CARLIN – While other mines are holding steady or cutting back, Newmont Mining Corp.’s Leeville Underground is ramping up production and hiring more people.
The mine commissioned the Turf No. 3 Ventilation Shaft in November, said Veronica Tough, chief engineer for Leeville.
When the underground only had two shafts, the No. 1 shaft was exhaust — hot and humid air — and the No. 2 shaft was intake. The new system and No. 3 shaft allows both of those to be intake, she said. The air flow direction changed on the No. 1 shaft and the No. 2 shaft kept the same direction but the quantity of air through it changed, Tough said.
Prior to the new system, the mine had 1.2 million cubic feet per minute of air through the mine. Now Leeville is at 1.9 million CFM.
“So the volume increased,” Tough said. “I would say the big change is the ventilation system prior was set up to mine the areas that we had at the time. … The new vent shaft allows much fresher and more volume of air down to the area where we’re doing a lot of the work.”
Complaints from the miners used to be it was too hot to work and now they’re complaining that it’s too cold or too windy, she said.
The new shaft will allow Newmont to explore more underground.
“Prior to putting in the new shaft, ventilation was our limiting factor for how much we could produce, how much drift we could drive, how far we could get away from our main infrastructure,” Tough said.
The new shaft allows Leeville to ventilate in areas it couldn’t before.
“The big justification to the shaft was being able to bring more equipment into the mine and mine at a higher pace,” Tough said. “Between the three groups — engineering, maintenance and operations — we’re adding over 100 people over the next year to the workforce, and that’s just our people. We’ve got contractors too, that we’ll be bringing in to help us out. It’s a huge benefit for the economy. You look at a lot of other sites are ramping down and we’re ramping up. So it’s a very unique position and a good place to be with the gold prices the way they are.”
Albert Keim, maintenance superintendent, said the new system, “in some aspects,” makes the maintenance more complicated.
“In order to make this change underground, we had to install, just for the commissioning portion, roughly 40 bulkheads, air doors and booster fans,” Keim said. “So that means just more maintenance on those bulkheads, or those structures. But for moving the fans from underground to surface, the conditions that they’re in, it’s more acceptable. You don’t have to deal with ground conditions, ground movement, mine sap getting in your blades and stuff like that. Everything is located on the surface now. They’re a lot easier to work on.”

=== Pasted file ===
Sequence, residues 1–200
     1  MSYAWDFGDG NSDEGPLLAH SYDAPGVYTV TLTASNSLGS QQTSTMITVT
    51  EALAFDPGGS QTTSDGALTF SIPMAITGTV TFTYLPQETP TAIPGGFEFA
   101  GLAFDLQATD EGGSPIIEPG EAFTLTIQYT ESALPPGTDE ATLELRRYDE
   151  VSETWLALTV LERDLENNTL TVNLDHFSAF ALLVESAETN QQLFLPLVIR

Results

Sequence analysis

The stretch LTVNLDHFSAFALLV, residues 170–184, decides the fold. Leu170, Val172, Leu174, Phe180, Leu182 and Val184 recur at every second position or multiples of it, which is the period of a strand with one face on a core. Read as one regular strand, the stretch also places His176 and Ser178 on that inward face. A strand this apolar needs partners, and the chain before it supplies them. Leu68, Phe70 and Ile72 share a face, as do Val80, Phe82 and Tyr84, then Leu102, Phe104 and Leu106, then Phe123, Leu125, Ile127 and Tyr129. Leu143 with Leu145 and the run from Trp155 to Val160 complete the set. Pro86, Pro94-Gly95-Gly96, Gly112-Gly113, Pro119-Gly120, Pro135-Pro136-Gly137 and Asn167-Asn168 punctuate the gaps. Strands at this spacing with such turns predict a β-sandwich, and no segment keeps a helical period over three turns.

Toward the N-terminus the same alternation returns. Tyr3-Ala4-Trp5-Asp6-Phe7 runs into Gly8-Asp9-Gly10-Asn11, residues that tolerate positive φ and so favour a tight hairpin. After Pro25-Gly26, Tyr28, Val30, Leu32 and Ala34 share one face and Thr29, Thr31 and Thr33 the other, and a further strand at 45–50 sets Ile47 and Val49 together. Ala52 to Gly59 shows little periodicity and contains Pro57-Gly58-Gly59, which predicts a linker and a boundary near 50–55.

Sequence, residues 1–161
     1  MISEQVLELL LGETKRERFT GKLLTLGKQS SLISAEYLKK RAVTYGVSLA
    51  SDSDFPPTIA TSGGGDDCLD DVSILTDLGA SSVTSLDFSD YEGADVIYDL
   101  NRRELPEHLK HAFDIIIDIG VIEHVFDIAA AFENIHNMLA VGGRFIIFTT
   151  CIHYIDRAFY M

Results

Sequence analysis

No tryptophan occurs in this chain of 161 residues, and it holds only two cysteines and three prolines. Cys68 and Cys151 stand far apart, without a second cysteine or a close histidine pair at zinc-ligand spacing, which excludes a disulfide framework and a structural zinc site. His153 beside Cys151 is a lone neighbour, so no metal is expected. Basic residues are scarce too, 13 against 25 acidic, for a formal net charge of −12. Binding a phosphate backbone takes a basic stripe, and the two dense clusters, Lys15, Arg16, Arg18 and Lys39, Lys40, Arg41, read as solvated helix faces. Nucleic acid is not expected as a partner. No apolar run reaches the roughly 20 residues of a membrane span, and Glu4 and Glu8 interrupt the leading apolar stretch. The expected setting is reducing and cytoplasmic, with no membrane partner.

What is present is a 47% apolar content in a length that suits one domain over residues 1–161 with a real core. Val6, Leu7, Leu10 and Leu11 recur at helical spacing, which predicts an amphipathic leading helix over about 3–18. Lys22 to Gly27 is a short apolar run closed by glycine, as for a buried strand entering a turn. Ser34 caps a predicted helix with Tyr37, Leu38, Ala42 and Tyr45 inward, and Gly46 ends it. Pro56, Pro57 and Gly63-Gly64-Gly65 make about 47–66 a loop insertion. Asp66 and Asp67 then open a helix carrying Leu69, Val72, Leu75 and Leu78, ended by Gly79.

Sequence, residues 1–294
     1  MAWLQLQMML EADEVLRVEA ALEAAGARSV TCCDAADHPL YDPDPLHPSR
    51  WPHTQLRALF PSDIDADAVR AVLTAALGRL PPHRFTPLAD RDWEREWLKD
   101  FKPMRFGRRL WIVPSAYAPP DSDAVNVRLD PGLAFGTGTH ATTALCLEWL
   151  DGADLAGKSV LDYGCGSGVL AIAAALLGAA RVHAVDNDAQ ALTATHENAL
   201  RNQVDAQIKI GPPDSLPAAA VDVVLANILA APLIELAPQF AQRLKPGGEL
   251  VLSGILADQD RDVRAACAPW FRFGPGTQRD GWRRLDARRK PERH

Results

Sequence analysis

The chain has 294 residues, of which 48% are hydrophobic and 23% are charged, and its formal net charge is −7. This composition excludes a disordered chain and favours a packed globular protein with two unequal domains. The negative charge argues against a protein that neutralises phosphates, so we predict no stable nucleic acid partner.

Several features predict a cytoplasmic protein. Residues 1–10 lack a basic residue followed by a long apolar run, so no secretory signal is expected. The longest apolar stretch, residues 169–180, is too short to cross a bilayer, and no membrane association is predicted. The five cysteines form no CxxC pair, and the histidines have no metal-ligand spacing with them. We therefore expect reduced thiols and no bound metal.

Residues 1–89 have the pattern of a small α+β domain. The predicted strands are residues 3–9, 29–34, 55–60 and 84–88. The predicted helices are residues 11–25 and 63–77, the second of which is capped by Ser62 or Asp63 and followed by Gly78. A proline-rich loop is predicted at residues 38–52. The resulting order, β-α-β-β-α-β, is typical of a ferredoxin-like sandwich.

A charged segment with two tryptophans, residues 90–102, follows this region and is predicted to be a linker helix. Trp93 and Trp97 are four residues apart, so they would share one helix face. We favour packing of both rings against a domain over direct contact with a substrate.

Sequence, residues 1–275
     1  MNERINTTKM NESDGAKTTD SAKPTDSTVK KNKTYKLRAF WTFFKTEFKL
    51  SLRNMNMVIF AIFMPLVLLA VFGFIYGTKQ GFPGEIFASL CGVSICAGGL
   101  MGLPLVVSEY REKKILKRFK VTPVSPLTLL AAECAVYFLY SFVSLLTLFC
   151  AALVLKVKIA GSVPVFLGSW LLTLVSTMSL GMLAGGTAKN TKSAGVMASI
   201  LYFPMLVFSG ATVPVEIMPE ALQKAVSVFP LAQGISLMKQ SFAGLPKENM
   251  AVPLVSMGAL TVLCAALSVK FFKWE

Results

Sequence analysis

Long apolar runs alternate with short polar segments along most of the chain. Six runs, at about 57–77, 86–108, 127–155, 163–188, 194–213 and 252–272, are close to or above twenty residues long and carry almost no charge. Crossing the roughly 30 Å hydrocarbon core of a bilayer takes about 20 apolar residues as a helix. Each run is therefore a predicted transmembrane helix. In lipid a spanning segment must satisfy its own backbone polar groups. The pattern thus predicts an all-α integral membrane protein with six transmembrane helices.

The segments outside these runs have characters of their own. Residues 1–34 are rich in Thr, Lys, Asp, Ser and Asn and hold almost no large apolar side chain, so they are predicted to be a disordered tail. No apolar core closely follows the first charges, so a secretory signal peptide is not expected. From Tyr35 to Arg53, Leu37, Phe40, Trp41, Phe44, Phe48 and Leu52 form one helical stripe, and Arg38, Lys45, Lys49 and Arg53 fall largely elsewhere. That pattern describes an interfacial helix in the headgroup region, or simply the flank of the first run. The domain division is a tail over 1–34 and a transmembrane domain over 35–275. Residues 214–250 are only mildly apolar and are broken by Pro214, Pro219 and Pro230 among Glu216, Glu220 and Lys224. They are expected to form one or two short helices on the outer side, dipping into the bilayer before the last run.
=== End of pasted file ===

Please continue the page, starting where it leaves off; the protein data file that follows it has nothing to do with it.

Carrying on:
The technical name for mine sap is “Copiapite” which is naturally occurring at Leeville, he said.
Keim said having redundancies for the ventilation system also helps. When there were only two fans, it limited production underground at times.
“Before we had two main fans that had to be running all the time in order for us to provide the mine with enough air,” he said. “Now we have four fans. At this time, two are off – one’s in maintenance repair at all times and one’s a backup at all times. So we have redundancy now, so that’s a definite benefit.”
Keim said the ventilation is operated by the hoist house at Leeville. The operator can start and stop fans.
History of the Project
Designing for the project started in 2010 and construction began in 2012, said Craig Gammill, construction manager for the project group. At the height of construction it employed 160 people. The project was a $360 million investment for Newmont.
When the shaft was under construction, it was sunk through conventional means, but the ground was in an unusual state, because it had to be frozen. The shaft was sunk through an aquifer — 400 feet down to 1,800 feet was saturated — so the freezing allowed the construction crews to control the drilling.
As the shaft was drilled, construction crews poured concrete every 15 feet, Newmont stated previously.
The shaft also has a conveyance feature, Gammill said.
“The unique feature that’s associated with the hoisting set up over here is an airlock for the conveyance to enter and exit the shaft without interruption to the ventilation flows,” he said. “So that was also an opportunity that we took advantage of, by sealing the shaft, starting the fans and then completing the headframe and airlock construction afterwards.”
The airlock will allow access to the shaft for conveyance and inspections.
“We’re currently in the process of commissioning that hoisting system now,” Gammill said.
“Between the three groups — engineering, maintenance and operations — we’re adding over 100 people over the next year to the workforce.” — Veronica Tough, chief engineer